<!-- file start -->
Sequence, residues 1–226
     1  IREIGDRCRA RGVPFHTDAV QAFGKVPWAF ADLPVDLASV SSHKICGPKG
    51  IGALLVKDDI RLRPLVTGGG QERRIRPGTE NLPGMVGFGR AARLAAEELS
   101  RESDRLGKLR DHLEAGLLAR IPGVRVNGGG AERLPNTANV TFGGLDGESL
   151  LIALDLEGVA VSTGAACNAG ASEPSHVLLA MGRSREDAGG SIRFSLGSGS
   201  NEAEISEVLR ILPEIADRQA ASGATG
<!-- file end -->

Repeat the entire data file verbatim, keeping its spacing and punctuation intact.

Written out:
Sequence, residues 1–226
     1  IREIGDRCRA RGVPFHTDAV QAFGKVPWAF ADLPVDLASV SSHKICGPKG
    51  IGALLVKDDI RLRPLVTGGG QERRIRPGTE NLPGMVGFGR AARLAAEELS
   101  RESDRLGKLR DHLEAGLLAR IPGVRVNGGG AERLPNTANV TFGGLDGESL
   151  LIALDLEGVA VSTGAACNAG ASEPSHVLLA MGRSREDAGG SIRFSLGSGS
   201  NEAEISEVLR ILPEIADRQA ASGATG